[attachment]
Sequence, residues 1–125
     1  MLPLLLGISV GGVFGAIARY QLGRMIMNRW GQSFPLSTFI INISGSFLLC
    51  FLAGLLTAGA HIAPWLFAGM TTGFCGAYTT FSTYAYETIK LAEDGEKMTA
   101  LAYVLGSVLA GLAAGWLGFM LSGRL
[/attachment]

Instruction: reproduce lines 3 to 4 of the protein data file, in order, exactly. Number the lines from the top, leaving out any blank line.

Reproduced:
    51  FLAGLLTAGA HIAPWLFAGM TTGFCGAYTT FSTYAYETIK LAEDGEKMTA
   101  LAYVLGSVLA GLAAGWLGFM LSGRL